News from the Columbia Climate School

Tag: United Nations Framework Convention on Climate Change

  • Melting Ice and Rising Sea Levels: Why 2 Degrees Celsius Is Too High

    Melting Ice and Rising Sea Levels: Why 2 Degrees Celsius Is Too High

    At a United Nations Framework Convention on Climate Change side event in early June, representatives from several countries discussed the urgent need to address global loss of water and sea-level rise.

  • Pasang Dolma Sherpa, Indigenous Peoples Representative to the U.N., Speaks With GlacierHub

    Pasang Dolma Sherpa, Indigenous Peoples Representative to the U.N., Speaks With GlacierHub

    Around the world, Indigenous communities are losing their lands, livelihoods and culture to climate change. Sherpa is fighting to bring their voices to the United Nations.

  • From Copenhagen to Paris: Likely to Fail Again?

    From Copenhagen to Paris: Likely to Fail Again?

    All of the pledges made in Paris will be voluntary. However, countries have not always fulfilled their pledges in the past, and it isn’t obvious that this agreement is going to cause countries to behave very differently in the future.

  • Under Pressure, a (Simulated) Climate Agreement

    Under Pressure, a (Simulated) Climate Agreement

    Coming up with an international climate agreement is hard work. But the students at the Make It Work simulated negotiations in Paris managed to find a way, though they left disagreeing over just how effective the pact would be.

  • Learning to Compromise

    Learning to Compromise

    After countless hours of workshopping, brainstorming, writing, and rewriting, I thought that a consensus between parties would not be so far off. However, with 220 opinions boiled down into 42 delegations, it was painfully difficult.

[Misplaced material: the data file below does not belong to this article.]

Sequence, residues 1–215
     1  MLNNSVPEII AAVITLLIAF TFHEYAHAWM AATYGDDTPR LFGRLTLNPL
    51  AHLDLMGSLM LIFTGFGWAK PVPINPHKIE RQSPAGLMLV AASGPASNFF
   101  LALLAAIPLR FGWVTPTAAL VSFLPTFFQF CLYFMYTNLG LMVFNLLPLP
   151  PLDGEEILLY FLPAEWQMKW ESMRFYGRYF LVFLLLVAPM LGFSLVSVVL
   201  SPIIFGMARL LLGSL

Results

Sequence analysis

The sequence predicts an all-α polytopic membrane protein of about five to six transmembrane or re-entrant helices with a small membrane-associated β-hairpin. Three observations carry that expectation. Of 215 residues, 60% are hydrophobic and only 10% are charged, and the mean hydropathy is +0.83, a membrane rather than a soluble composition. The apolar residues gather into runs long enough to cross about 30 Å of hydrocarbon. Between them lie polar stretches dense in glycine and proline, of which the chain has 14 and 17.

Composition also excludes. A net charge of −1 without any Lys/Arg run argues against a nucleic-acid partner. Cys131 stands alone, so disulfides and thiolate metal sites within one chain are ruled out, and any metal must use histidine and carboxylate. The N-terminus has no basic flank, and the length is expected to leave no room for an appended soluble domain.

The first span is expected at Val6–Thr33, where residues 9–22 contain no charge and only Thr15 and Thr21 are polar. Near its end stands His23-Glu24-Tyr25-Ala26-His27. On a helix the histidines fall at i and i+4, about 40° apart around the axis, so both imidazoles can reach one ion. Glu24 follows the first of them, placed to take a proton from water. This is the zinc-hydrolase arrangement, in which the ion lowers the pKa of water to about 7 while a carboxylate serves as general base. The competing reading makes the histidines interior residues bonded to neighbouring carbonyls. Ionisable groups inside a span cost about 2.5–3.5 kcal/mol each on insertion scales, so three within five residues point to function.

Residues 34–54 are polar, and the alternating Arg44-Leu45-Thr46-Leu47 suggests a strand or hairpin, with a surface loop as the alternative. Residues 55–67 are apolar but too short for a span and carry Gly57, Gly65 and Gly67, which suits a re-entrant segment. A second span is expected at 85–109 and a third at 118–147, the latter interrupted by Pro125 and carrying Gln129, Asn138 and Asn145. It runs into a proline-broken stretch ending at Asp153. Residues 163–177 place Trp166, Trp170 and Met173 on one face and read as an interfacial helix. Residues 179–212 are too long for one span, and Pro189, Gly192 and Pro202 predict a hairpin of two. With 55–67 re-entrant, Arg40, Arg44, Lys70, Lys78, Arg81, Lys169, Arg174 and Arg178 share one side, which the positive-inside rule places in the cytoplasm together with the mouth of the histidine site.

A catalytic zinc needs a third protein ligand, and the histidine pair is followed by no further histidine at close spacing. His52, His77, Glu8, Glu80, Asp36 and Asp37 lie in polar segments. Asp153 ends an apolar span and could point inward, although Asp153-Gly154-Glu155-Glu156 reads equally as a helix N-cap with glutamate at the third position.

• The Road to Make It Work

    The Road to Make It Work

    Students throughout Columbia University were notified of a once-in-a-lifetime chance to attend a student simulation in anticipation of the upcoming United Nations Climate Conference in Paris. Two words jumped out at me immediately: climate and Paris.

Science for the Planet: In these short video explainers, discover how scientists and scholars across the Columbia Climate School are working to understand the effects of climate change and help solve the crisis.
  • Melting Ice and Rising Sea Levels: Why 2 Degrees Celsius Is Too High

    Melting Ice and Rising Sea Levels: Why 2 Degrees Celsius Is Too High

    At a United Nations Framework Convention on Climate Change side event in early June, representatives from several countries discussed the urgent need to address global loss of water and sea-level rise.

  • Pasang Dolma Sherpa, Indigenous Peoples Representative to the U.N., Speaks With GlacierHub

    Pasang Dolma Sherpa, Indigenous Peoples Representative to the U.N., Speaks With GlacierHub

    Around the world, Indigenous communities are losing their lands, livelihoods and culture to climate change. Sherpa is fighting to bring their voices to the United Nations.

  • From Copenhagen to Paris: Likely to Fail Again?

    From Copenhagen to Paris: Likely to Fail Again?

    All of the pledges made in Paris will be voluntary. However, countries have not always fulfilled their pledges in the past, and it isn’t obvious that this agreement is going to cause countries to behave very differently in the future.

  • Under Pressure, a (Simulated) Climate Agreement

    Under Pressure, a (Simulated) Climate Agreement

    Coming up with an international climate agreement is hard work. But the students at the Make It Work simulated negotiations in Paris managed to find a way, though they left disagreeing over just how effective the pact would be.

  • Learning to Compromise

    Learning to Compromise

    After countless hours of workshopping, brainstorming, writing, and rewriting, I thought that a consensus between parties would not be so far off. However, with 220 opinions boiled down into 42 delegations, it was painfully difficult.

  • The Road to Make It Work

    The Road to Make It Work

    Students throughout Columbia University were notified of a once-in-a-lifetime chance to attend a student simulation in anticipation of the upcoming United Nations Climate Conference in Paris. Two words jumped out at me immediately: climate and Paris.